Millions of Americans are set to receive their first stimulus checks by debit cards over the next few weeks. But, just like the disbursement of the electronic transfers, there have been some hiccups in the process.
Some have reportedly received the prepaid card but with the wrong names on them. It seems that there might have been a glitch that mixes up the first and last name of joint filers. So for example the first name might be for a husband and the last name might be for a wife (or vice versa).
Another big issue is that the envelopes are pretty non-discrete and look like spam to many people. This has resulted in many reports of people throwing away the envelopes that contain the prepaid debit cards.
The envelopes are addressed from the Money Network Cardholder Services and look like the photo below. As you can tell, the envelope is very plain looking and inconspicuous.
As far as what the prepaid debit card looks like, it has the background of the blue stars section of the American flag. It’s actually a pretty nice looking debit card.
It’s very possible that if a second round of stimulus checks comes out, that more of these debit cards will be sent out.
So I would recommend getting familiar with what the envelope looks like so that if you end up receiving one of these over the summer you will not be tempted to throw it in your trash bin.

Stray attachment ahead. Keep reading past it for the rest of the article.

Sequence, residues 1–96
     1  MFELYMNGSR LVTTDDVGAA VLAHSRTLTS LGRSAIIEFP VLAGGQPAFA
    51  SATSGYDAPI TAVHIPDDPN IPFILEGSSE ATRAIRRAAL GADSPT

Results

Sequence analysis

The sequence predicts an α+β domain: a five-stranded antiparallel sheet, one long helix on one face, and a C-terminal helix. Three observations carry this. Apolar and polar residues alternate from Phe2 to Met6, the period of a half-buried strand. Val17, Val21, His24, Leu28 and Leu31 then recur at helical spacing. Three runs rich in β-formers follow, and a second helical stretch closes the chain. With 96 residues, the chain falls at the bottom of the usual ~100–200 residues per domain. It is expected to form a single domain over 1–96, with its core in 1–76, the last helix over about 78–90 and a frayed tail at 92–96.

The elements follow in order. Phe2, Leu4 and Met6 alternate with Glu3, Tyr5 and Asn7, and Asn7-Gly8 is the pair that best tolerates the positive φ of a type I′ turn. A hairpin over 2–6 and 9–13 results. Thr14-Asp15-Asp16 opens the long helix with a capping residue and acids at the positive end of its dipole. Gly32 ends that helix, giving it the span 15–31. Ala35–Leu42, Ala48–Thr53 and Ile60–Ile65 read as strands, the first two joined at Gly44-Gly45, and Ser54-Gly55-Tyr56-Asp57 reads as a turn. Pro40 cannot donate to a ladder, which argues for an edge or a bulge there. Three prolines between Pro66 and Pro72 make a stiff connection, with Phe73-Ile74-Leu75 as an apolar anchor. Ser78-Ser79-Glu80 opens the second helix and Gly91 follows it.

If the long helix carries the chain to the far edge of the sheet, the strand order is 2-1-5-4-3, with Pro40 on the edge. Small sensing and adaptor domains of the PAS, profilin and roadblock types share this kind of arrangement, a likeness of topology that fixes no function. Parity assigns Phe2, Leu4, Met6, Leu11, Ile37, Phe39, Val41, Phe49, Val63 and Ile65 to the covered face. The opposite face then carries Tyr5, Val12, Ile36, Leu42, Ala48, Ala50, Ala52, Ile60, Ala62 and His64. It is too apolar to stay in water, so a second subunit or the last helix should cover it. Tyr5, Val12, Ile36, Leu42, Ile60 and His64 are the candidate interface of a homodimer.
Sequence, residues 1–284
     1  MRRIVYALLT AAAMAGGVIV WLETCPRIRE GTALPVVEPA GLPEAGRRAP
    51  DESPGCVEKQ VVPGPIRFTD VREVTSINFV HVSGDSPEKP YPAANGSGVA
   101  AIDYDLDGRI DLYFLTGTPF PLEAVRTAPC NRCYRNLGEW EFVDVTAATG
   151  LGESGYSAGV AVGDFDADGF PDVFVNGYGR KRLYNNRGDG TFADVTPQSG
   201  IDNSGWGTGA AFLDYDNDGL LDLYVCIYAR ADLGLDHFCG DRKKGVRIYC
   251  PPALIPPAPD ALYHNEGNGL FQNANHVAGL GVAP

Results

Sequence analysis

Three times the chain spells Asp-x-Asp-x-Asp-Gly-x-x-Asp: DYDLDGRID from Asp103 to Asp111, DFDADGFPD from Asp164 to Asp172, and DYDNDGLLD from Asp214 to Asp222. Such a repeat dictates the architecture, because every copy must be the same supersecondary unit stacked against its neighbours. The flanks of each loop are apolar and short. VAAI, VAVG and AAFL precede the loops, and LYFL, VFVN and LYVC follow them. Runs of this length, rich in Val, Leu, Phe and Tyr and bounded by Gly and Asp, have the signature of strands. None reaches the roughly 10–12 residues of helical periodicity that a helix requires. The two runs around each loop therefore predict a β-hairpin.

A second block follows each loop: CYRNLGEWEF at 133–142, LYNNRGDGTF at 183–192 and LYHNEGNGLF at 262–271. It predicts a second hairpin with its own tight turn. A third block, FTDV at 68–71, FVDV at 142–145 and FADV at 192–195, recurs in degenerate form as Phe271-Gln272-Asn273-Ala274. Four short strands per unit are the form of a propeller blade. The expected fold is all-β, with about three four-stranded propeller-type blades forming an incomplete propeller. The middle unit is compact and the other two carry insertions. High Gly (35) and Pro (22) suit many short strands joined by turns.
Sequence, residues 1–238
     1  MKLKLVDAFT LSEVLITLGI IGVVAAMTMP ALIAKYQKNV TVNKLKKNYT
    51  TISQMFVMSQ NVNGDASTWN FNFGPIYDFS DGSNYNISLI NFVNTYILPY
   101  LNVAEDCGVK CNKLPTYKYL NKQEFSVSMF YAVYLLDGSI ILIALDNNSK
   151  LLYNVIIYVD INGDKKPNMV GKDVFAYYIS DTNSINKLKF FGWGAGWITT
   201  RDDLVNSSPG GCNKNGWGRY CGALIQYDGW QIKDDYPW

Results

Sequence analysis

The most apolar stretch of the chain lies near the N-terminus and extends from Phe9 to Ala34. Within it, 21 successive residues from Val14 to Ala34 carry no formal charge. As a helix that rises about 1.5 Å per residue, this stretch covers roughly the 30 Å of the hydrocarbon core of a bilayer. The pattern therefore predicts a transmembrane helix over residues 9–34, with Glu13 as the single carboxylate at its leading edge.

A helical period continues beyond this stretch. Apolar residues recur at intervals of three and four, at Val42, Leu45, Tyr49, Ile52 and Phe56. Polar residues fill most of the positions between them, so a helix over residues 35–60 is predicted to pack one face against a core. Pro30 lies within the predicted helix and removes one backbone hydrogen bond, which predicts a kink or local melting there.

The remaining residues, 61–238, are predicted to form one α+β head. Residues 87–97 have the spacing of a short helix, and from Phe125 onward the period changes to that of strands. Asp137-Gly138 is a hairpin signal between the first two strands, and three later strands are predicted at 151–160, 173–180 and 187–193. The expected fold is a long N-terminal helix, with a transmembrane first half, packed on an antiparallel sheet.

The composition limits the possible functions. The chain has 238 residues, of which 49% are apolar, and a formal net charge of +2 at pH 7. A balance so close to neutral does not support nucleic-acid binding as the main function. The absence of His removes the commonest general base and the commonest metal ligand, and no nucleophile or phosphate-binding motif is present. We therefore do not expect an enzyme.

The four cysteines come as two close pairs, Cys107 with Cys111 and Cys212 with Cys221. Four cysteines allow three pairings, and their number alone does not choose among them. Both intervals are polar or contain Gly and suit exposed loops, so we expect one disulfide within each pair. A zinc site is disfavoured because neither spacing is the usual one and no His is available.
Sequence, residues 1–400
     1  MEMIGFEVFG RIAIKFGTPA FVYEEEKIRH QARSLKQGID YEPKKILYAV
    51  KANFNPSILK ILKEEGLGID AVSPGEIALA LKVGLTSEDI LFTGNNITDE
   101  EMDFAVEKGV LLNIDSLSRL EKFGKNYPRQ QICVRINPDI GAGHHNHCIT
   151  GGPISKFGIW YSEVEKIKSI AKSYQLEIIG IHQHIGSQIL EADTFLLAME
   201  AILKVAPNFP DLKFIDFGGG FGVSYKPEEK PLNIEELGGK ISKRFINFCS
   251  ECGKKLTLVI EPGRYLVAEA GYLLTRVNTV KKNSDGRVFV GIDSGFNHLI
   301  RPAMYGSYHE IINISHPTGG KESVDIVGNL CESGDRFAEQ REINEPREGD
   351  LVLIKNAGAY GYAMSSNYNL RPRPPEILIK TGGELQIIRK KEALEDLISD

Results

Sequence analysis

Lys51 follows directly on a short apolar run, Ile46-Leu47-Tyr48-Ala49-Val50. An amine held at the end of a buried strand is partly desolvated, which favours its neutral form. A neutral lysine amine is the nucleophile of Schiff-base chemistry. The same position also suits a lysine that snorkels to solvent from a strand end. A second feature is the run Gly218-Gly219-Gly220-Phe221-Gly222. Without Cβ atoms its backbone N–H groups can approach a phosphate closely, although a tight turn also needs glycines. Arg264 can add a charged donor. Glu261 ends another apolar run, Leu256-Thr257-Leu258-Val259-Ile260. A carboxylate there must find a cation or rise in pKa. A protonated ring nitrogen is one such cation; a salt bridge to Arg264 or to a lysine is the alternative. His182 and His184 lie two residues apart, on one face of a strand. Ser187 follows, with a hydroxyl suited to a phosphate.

Keep in mind that some people who had direct deposit information on file still reportedly have received these prepaid debit cards. Also, some people who were told they would receive paper checks have received the debit cards,
The Treasury prefers these debit cards because, “Prepaid debit cards are secure, easy to use, and allow us to deliver Americans their money quickly,” Treasury Secretary Steven Mnuchin said.
I’m sure it is very efficient to load funds onto these cards but the problem the IRS is having with these is that there is a marketing problem.
They did not provide enough notice to Americans that they may be receiving a debit card and so because people are so accustomed to seeing spam or even scams in their mailbox, they disregarded the envelope.
Hopefully, they will provide better guidance this next time around, assuming there are more checks.
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Daniel Gillaspia is the Founder of UponArriving.com and creator of the credit card app, WalletFlo. He is a former attorney turned full-time credit card rewards/travel expert and has earned and redeemed millions of miles to travel the globe. Since 2014, his content has been featured in major publications such as National Geographic, Smithsonian Magazine, Forbes, CNBC, US News, and Business Insider. Find his full bio here.